DTaP Vaccine

DTaP is an immunization that helps children under 7 develop immunity to diphtheria, tetanus, pertussis, and sometimes other diseases. The most serious side effects include allergic reactions, fevers, seizures, nerve damage, brain damage, and death.

What is DTaP?

DTaP is an immunization against Diphtheria, Tetanus, and Pertussis (whooping cough). There are also DTaP vaccines that are combined with immunizations against other diseases, Polio, Hepatitis B, and Hib infections.

Why do we use DTaP instead of DTP?

DTP is an older vaccine that has been replaced with DTaP. There are no DTP vaccines in use in the United States any longer. The difference is that DTP (or “DTwP”) contains whole-cell pertussis, whereas DTaP contains acellular pertussis (the “a” in DTaP). This is because studies found that acellular pertsusis was less likely to cause side effects than whole-cell pertussis.

What are DTaP vaccine names?

How many doses do I need?

Most children get 5 separate doses of DTaP starting when they are 2 months old. Children who can’t be given a vaccine against pertussis may receive the DT vaccine instead of DTaP.

One shot of DTaP is given at each of the following ages:

  • 2 months
  • 4 months
  • 6 months
  • 15-18 months
  • 4-6 years old

Do I need a booster shot?

DTaP is not approved for anyone over 7 years old, but older people still need protection. People between 11 and 64 years old get a booster shot of the Tdap vaccine, which is similar to DTaP.  The difference is that Tdap contains lower doses of vaccines against diphtheria and pertussis. After one shot of Tdap, the Td vaccine booster shot is recommended every 10 years.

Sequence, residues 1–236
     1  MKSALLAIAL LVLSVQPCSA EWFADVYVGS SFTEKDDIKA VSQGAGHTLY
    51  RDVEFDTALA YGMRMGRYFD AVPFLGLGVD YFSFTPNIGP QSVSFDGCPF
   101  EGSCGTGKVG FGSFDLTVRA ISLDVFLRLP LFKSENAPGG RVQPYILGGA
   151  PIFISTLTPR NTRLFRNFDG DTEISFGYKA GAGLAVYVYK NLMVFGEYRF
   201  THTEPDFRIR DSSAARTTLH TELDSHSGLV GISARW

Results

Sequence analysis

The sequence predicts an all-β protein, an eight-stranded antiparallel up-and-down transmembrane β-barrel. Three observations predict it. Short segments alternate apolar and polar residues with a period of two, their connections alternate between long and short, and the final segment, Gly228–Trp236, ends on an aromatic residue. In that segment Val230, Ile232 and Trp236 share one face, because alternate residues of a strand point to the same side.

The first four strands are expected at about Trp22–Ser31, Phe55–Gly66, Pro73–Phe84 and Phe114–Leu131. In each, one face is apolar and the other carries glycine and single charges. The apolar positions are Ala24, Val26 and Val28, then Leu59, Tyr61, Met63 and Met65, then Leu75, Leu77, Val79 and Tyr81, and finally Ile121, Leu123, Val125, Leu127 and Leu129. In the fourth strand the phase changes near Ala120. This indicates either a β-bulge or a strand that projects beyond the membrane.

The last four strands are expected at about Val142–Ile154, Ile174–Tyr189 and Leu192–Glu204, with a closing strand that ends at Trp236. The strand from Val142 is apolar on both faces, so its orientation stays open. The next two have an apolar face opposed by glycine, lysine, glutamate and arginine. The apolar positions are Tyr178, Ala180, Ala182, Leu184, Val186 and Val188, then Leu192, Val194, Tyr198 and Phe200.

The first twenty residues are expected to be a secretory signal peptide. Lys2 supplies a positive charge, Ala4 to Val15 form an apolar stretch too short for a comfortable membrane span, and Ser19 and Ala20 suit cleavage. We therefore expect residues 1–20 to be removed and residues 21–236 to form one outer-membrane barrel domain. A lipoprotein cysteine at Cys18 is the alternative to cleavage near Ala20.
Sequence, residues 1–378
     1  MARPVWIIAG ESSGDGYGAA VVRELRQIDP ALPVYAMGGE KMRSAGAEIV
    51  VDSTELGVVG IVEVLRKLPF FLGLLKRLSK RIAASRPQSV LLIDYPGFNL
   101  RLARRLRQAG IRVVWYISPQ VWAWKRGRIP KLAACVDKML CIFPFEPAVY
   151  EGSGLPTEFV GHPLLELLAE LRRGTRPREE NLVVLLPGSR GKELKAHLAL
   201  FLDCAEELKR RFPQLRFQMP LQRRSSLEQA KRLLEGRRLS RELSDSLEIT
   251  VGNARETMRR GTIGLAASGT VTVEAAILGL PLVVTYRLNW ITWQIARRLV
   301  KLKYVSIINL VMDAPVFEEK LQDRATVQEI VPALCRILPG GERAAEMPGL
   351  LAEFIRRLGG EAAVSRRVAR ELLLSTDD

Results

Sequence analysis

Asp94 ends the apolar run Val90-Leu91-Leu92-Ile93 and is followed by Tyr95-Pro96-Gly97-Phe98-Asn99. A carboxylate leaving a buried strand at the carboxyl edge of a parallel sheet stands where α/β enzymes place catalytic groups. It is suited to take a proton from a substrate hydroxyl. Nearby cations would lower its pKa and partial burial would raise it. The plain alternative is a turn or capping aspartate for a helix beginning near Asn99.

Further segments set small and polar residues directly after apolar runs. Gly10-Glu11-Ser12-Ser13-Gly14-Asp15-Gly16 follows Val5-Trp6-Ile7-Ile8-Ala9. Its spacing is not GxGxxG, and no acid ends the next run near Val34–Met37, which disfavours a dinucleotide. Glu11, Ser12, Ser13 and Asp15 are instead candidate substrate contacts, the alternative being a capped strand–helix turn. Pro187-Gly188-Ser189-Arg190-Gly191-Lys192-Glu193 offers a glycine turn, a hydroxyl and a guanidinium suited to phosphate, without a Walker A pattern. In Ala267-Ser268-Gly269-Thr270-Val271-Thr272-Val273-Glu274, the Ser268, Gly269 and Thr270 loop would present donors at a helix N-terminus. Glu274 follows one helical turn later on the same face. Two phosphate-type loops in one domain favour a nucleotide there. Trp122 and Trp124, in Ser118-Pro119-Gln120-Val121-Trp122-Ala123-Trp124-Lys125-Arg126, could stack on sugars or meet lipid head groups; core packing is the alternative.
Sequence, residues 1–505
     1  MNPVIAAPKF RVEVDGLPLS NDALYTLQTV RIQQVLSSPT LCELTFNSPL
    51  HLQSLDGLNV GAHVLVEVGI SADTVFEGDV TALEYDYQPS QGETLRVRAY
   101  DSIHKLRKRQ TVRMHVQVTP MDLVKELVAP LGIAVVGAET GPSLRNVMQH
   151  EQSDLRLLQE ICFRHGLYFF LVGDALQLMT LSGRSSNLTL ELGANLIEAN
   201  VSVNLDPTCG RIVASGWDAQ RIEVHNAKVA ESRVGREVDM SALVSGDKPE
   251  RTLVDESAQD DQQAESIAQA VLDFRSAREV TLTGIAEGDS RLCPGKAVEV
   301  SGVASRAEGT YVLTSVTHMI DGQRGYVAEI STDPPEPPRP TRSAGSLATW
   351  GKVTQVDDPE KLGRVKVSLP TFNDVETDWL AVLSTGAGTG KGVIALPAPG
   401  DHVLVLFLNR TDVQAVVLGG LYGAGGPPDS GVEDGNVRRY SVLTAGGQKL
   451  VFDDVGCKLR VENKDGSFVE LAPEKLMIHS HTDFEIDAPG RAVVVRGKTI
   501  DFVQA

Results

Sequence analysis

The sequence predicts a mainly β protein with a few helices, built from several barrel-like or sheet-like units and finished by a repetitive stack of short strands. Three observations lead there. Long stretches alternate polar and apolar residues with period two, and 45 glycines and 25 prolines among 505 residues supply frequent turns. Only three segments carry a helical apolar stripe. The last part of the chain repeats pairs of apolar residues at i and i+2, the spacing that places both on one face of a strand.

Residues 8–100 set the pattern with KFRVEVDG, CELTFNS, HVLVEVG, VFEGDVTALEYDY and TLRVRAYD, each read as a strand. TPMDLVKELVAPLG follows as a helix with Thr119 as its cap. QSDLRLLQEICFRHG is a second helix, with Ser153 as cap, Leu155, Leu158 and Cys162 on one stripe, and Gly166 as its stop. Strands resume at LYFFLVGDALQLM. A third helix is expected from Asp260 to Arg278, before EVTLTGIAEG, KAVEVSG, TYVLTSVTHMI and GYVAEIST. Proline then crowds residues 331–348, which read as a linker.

What are severe side effects of DTaP?

  • Abscess
  • Allergic reaction
  • Anaphylaxis
  • Anaphylactic shock
  • Apnea in premature infants (breathing stops)
  • Arthritis
  • Bleeding disorder
  • Brachial neuritis
  • Brain inflammation
  • Changes in mental status
  • Collapse or shock-like state
  • Coma
  • Death
  • Decreased consciousness
  • Encephalopathy
  • Epilepsy
  • Extensive swelling that includes joints
  • Febrile seizure (fever-induced seizure)
  • Fever over 103.1°F
  • Guillain-Barré Syndrome (GBS)
  • Hypotonic-Hyporesponsive Episode (HHE)
  • Infection
  • Intussusception
  • Intestinal damage
  • Jaundice (yellowing of skin and eyes)
  • Meningitis
  • Muscle weakness
  • Nerve damage
  • Paralysis
  • Progressive neurological disorder
  • Seizures
  • Stevens-Johnson Syndrome (SJS)
  • Sudden Infant Death Syndrome (SIDS)
  • Thrombocytopenia
  • Vasculitis

Does DTaP have a live virus?

No.

Where can I get more information?

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